We have several of these buildings, they’re very popular and very handy indeed, here’s another one – The Lukas:

The Lukas log cabin with a shed integrated into it. Extremely handy

The Lukas log cabin with a shed integrated into it. Extremely handy and many customers love it’s practical nature of design.

My other personal favourite is the Wolfgang log cabin, this has been a long standing best seller:

The 45mm Wolfgang log cabin with a shed to the side and a delightful front porch.

The 45mm Wolfgang log cabin with a shed to the side and a delightful front porch.

So bearing in mind we have lots of best sellers with a shed to the side we really should cater more for this shouldn’t we?

Maybe more buildings featuring them? Except – I forget we do!

Log Cabin Annexe – Shed Extension

This is the accessory, the must have one I sometimes forget about and I know customers overlook as they whiz through our pages. It’s a very handy little annexe you can bolt onto your log cabin, even if you didn’t buy your log cabin from us:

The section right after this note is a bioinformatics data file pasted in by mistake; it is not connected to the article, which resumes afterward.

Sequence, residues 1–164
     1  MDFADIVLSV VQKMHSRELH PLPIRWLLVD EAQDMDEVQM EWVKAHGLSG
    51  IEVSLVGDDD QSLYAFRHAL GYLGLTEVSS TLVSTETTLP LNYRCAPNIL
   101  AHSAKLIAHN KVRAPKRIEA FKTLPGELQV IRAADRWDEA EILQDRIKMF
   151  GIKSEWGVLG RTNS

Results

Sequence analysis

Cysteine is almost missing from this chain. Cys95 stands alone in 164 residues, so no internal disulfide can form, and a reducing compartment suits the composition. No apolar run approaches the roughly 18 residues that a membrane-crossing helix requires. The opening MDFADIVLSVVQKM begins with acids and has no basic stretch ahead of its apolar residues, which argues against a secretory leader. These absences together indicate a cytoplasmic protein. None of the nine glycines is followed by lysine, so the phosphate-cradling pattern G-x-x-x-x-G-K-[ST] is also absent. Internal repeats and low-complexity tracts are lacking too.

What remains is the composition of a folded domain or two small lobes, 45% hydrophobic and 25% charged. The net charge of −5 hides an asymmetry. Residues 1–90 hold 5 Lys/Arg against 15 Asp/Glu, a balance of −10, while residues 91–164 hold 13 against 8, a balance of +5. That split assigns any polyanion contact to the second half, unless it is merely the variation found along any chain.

A shed extension you can add to any log cabin, we have them in 28mm or 45mm thick wall logs.

A shed extension you can add to any log cabin, we have them in 28mm or 45mm thick wall logs.

We have these annexes, or shed extensions for your log cabins in two sizes with either a 28mm thick wall log or a 45mm one:

Versatile Extension for your Log Cabin

The lovely part of this accessory for your log cabin is that is can turn it into a completely different building, it becomes very practical and you have the best of both worlds, a shed and a summerhouse. Here’s some nice examples of the shed extension in use:

This is a 28mm extension being used with the Henning log cabin. This customer actually used it as a toilet.